Yesterday, I pointed out what appear to be two serious problems in Iain Mansfield’s prize winning Brexit paper. First, he writes as if joining EFTA would in itself give preferential access to the European (ie EU) market. Second, he says that our entry to EFTA would need the agreement of the EU and all its member states.
On the second point, here is Article 56(1) of the consolidated (ie in its current amended form) EFTA Convention, which is also now known as the Vaduz Convention, since the major revision of the Convention at Vaduz in 2001:
Any State may accede to this Convention, provided that the Council decides to approve its accession, on such terms and conditions as may be set out in that decision. The instrument of accession shall be deposited with the Depositary, which shall notify all other Member States. This Convention shall enter into force in relation to an acceding State on the date indicated in that decision.
Articles 44(1) and 44(5) specify that each Member State of EFTA has one vote on the Council and that decisions are taken unanimously unless otherwise stated in the Convention:
2. Each Member State shall be represented in the Council and shall have one vote.
5. Decisions and recommendations of the Council shall be made by unanimous vote, except in so far as this Convention provides otherwise. Decisions or recommendations shall be regarded as unanimous unless any Member State casts a negative vote. Decisions and recommendations which are to be made by majority vote, require the affirmative vote of three Member States.
That seems decisive to me.
Incorporation of 2/3 of the EU acquis
Mansfield states clearly his reasons for preferring us not to join the EEA:
Whilst trade access is critical, full membership of the Single Market should not be sought. … Should the UK retain membership of the Single Market, almost all of the most onerous or controversial aspects of EU membership would continue to apply, including the free movement of people and the Working Time Directive. Accordingly, the UK should, unlike Norway, seek to remain outside the European Economic Area (EEA).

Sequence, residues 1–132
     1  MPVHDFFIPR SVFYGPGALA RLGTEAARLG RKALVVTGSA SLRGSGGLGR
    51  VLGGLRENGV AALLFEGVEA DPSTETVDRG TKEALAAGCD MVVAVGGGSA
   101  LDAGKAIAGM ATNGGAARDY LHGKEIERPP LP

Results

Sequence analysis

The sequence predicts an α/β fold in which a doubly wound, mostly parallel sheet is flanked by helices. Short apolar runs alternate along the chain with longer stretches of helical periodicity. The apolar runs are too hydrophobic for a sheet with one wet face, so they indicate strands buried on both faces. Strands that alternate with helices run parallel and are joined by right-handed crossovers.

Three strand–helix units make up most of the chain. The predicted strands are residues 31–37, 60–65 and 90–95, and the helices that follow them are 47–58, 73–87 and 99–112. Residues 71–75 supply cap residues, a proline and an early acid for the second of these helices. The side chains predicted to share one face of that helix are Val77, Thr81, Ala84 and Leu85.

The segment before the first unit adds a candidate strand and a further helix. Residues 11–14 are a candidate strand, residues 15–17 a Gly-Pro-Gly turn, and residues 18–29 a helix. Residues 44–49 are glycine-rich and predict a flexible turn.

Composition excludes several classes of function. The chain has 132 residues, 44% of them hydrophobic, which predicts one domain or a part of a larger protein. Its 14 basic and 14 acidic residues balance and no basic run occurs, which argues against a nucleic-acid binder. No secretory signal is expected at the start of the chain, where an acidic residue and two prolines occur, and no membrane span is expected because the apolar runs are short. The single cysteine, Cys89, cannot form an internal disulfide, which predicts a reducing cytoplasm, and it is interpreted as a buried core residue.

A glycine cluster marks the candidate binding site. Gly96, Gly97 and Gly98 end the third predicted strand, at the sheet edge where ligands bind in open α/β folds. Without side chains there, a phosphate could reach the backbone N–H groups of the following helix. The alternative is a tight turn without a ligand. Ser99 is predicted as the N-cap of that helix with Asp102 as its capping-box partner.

I think ‘almost all’ is rather strong, since Norway is exempt from a large part of the acquis. Nevertheless, I agree with Mansfield that the EEA relevant part of the acquis, to which Norway is subject, do include some of the aspects of EU membership which it is particularly important for us to become free of, including the ones he mentions. I agree therefore with his conclusion that we should not join the EEA.
He then goes on (p. 13) to say that in order to gain the necessary trade access in both goods and services, we ‘would need to accept some EU regulation’. I am not sure this is the right way to put it. If we are to become a free country, then I don’t immediately see why we have to ‘accept’ any EU regulation. We may well choose to duplicate many of the EU Regulations that are currently enforceable in this country, at least for the time being. That may well be convenient for us, just to keep the wheels turning, while we work out which of them should be retained as they are, which amended, and which thrown out. To me, ‘accept’ sounds too passive, and too much like our current situation, and too much like the situation of the EFTA-EEA nations, which have to incorporate new EU Regulations as they are issued, albeit with some delay and a theoretical right to refuse them, which has hardly ever been found possible in practice to make use of.
He then says:
The UK should also be prepared to accept regulation on standards for electronic machinery or for health and safety inspection requirements for food exports: many of these will be based on international standards and similar in type if not specifics, to what exporters to other countries such as the US must abide by.
This is unclear, it seems to me. Are we to ‘accept regulation on standards for electronic machinery’ just for exports, or domestically as well? As he says, manufacturers in free countries like the US have to meet certain EU specific standards in order to export to the EU. No doubt we would have to do the same. But that doesn’t mean we have to ‘accept’ EU regulation into our own nation. Probably we would adopt the international standards domestically, and in many cases these would be similar or identical to EU standards, in which case there would be little or no difficulty in exporting to the EU. But all this would be up to us, so far as I can see.
He goes on:
There is no similar justification, however, once having left the EU, to accept regulation on purely internal matters such as working hours, hygiene requirements for domestic restaurants or mandatory quotas for women on boards.
and in footnote 14 points out that:
That is not to say that the UK might not choose to legislate on these matters domestically; however, this would be a matter for the UK Parliament.
Quite so, I couldn’t agree more. What is puzzling, however, is what comes next:
A reasonable compromise between access and regulation might resemble the trade-off offered to members of the Eastern Partnership, who are expected to adopt approximately two-thirds of the acquis communautaire, though a successful negotiation could reduce the burden of regulation still further.
By most measures, two-thirds is more than the EEA countries are currently saddled with. But Mansfield has said previously that he doesn’t want to join the EEA, to avoid having to be forced to adopt all the Single Market regulation. So this doesn’t make sense, to me at least. But I will try to find out more about the Eastern Partnership, to which Mansfield refers, to see if I can understand what he is trying to get at.
(To be continued).